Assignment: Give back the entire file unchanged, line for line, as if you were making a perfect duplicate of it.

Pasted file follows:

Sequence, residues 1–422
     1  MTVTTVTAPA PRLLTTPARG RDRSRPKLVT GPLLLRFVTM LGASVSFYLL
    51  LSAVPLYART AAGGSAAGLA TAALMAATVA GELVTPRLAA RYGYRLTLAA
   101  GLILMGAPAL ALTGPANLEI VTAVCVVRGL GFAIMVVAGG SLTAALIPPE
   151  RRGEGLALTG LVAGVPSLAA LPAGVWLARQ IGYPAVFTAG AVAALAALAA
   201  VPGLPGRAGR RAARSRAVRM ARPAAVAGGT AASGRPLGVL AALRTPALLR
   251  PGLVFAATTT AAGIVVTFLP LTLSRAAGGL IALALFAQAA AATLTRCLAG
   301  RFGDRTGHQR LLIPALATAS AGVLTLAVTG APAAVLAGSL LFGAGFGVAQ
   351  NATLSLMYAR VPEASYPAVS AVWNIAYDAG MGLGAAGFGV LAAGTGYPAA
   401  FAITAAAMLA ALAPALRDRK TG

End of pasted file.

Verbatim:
Sequence, residues 1–422
     1  MTVTTVTAPA PRLLTTPARG RDRSRPKLVT GPLLLRFVTM LGASVSFYLL
    51  LSAVPLYART AAGGSAAGLA TAALMAATVA GELVTPRLAA RYGYRLTLAA
   101  GLILMGAPAL ALTGPANLEI VTAVCVVRGL GFAIMVVAGG SLTAALIPPE
   151  RRGEGLALTG LVAGVPSLAA LPAGVWLARQ IGYPAVFTAG AVAALAALAA
   201  VPGLPGRAGR RAARSRAVRM ARPAAVAGGT AASGRPLGVL AALRTPALLR
   251  PGLVFAATTT AAGIVVTFLP LTLSRAAGGL IALALFAQAA AATLTRCLAG
   301  RFGDRTGHQR LLIPALATAS AGVLTLAVTG APAAVLAGSL LFGAGFGVAQ
   351  NATLSLMYAR VPEASYPAVS AVWNIAYDAG MGLGAAGFGV LAAGTGYPAA
   401  FAITAAAMLA ALAPALRDRK TG